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Global Great Women of Influence
06 December 2013
There are very few humans walking the earth today who have the moral authority – and the grace – of Daw Aung San Suu Kyi.
The Burmese political activist has been in a life-long struggle with the military regime that has ruled her country since 1962; has spent two decades of that struggle under house arrest in her homeland and has, through her choices, galvanized behind her and her struggle any number of governments as well as Human Rights groups around the world.
Only recently able to move around freely in Burma and now the rest of the world, Aung San Suu Kyi was in Australia (above) to receive honorary degrees from the University of Sydney and UTS. At the Sydney Opera House event she also spoke with journalist Hamish Macdonald as part of the Ideas in the House series.
With a robust sense of how her life could appear to some, very melodramatic, Aung San Suu Kyi believes by being honest - she answers the questions she is asked - and refusing to see her actions as sacrifices, she is able to sidestep the melodrama and exercise influence without having to have the formal trappings of power.
Following the degree ceremony, Aung San Suu Kyi was set to deliver an address before sitting down to chat with journalist Hamish Macdonald and answer questions from a very excited audience.
There were standing ovations, much clapping, deep respectful silences, and outbursts of unmitigated enthusiasm. Before Aung San Suu Kyi had a chance to take the podium, Macdonald, for example, launched into his questions. She switched and took the change in hand without a hiccup.
Some minutes in to the interview, the organisers came on stage to point out Macdonald’s mistake. Unphased and with absolute good humour and grace, Aung San Suu Kyi then involved the whole audience in what she called the democratic process: “Will we vote on what to do,” she asked?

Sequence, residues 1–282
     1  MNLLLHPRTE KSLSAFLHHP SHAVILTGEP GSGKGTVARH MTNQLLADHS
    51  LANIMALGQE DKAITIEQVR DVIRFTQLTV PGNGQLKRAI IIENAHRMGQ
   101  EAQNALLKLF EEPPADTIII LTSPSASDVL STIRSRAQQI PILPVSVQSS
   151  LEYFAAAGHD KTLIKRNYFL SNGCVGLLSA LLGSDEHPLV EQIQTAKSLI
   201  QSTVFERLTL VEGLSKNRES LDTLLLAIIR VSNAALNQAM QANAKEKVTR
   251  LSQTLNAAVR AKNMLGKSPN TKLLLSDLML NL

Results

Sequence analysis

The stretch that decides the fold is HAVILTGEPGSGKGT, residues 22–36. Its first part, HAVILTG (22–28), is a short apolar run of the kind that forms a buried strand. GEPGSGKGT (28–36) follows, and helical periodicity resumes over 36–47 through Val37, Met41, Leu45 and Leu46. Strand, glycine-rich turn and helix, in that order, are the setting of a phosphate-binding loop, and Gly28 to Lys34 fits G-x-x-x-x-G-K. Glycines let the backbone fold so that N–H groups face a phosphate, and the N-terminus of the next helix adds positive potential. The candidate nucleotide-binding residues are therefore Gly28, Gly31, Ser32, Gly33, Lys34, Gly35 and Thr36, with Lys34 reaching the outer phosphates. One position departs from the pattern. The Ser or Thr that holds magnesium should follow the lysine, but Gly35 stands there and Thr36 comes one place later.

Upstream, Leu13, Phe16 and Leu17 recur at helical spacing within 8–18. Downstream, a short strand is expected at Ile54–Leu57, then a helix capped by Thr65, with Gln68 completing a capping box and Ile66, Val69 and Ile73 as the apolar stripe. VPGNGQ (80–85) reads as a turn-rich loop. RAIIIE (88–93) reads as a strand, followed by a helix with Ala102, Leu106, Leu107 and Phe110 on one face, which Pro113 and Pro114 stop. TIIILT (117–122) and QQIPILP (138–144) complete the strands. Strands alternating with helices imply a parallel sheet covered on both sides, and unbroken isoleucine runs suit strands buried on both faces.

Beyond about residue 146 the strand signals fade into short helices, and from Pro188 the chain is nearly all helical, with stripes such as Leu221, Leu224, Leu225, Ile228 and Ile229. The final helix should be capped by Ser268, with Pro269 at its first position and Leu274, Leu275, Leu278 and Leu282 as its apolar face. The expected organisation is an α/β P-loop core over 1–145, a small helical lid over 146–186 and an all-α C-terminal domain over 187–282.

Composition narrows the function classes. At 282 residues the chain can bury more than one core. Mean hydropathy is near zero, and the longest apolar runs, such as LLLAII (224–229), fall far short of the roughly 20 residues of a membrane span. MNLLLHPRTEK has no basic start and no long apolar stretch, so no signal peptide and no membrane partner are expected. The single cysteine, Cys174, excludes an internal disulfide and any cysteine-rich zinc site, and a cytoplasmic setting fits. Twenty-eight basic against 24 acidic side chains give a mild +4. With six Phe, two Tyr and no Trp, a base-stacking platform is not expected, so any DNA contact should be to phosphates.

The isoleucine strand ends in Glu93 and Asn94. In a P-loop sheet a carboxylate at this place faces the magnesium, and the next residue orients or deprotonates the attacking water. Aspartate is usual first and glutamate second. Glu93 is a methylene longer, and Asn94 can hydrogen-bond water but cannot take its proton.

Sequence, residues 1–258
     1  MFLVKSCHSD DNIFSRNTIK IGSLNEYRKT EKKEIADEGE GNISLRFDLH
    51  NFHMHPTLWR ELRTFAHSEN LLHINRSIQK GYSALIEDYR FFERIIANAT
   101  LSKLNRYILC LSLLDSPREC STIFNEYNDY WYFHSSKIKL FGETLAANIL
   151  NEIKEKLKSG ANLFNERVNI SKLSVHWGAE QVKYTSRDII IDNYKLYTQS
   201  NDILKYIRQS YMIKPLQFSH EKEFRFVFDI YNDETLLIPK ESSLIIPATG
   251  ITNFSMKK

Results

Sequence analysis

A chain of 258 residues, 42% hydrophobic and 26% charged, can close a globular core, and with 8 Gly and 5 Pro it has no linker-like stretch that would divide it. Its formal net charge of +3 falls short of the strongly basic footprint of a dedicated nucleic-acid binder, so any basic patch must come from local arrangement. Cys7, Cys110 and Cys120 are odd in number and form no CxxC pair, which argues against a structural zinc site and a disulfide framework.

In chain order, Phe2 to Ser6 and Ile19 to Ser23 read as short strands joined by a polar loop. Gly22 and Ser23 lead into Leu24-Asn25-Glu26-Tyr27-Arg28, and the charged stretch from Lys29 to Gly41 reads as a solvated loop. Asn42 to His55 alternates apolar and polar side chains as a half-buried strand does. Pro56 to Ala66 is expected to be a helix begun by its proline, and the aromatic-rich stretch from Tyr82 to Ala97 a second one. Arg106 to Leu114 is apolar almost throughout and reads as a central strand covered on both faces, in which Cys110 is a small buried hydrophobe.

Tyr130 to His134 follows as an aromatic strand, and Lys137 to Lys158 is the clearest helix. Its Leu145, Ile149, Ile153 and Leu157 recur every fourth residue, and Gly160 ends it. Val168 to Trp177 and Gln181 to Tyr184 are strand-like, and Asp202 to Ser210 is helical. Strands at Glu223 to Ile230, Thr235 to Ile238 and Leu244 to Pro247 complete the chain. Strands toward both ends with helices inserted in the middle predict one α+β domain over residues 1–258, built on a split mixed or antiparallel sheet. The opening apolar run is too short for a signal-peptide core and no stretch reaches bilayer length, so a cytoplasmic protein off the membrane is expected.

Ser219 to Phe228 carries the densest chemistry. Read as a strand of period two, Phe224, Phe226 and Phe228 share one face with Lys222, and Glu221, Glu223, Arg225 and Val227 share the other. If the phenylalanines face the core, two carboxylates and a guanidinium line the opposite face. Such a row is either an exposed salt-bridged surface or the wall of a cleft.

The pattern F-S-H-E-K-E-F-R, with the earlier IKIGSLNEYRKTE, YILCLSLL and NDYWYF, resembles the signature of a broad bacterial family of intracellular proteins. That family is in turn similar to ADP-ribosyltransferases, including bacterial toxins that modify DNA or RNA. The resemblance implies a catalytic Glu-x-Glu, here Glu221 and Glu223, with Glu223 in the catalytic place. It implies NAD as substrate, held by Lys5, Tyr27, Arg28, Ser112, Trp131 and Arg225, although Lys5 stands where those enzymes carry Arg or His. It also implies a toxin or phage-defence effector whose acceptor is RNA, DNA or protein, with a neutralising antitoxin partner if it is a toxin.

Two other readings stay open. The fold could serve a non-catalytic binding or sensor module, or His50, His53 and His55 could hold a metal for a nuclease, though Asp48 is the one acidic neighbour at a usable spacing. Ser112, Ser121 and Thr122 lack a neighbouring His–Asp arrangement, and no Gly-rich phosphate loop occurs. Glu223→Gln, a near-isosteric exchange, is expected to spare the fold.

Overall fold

It was decided: she would do 10 minutes of her formal address and then return to Macdonald and his questions, followed by questions from the audience. It was a triumph of leadership skill and grace under fire.
Tickets to the event sold out in a single day and many Burmese nationals living in Australia had travelled from as far afield as Perth and Darwin to see a woman they have waited 20 years to see alive and well and outside her own front door.
When it came time for audience questions one young women asked Aung San Suu Kyi what advice she would give her unborn child (a little girl, we all found out) to “lead a life as influential and great” as she had. The simple answer, she said, having seen how those she admires in the National League for Democracy have lived their lives, is to “live your life in peace and love”.
If Aung San Suu Kyi was on your bucket list of people to see and hear, then absolutely nothing in the 90-minute event disappointed.
A little background
In 1988 Aung San Suu Kyi returned to Burma from years abroad in India and England. She returned with the express purpose of fighting for Burma’s right to an independent democratic government. Defying a brutal military junta, which normally met calls for democracy with one response, slaughter, she travelled the country with her political message. In July 1989 she was placed under house arrest where she remained for the next two decades.
In the mid-2000s cracks in the regime’s power had begun to appear. The economy, which had been mismanaged, was one of the major reasons behind the growth in unrest. In 2010 following a “suspect” referendum to approve the “army-drafted constitution”, elections were held at which Aung San Suu Kyi’s party - the National League for Democracy - was banned from contesting.
In 2011 those bans were lifted but for Aung San Suu Kyi and the NLD the struggle has some way to go yet.
In her formal address in Sydney she spoke about Burma’s future, not as predictions or thoughts but as the choices that need to be made if Burma is to have an independent, democratic future in which Human Rights are valued and National Reconciliation is achieved.
The three planks needed to underpin democracy, she says, are Rule of Law, internal peace and amendments to the constitution.
For more: Letters from Burma by Aung San Suu Kyi and Fergal Keane; The Lady and the Peacock: The Life of Aung San Suu Kyi by Peter Popham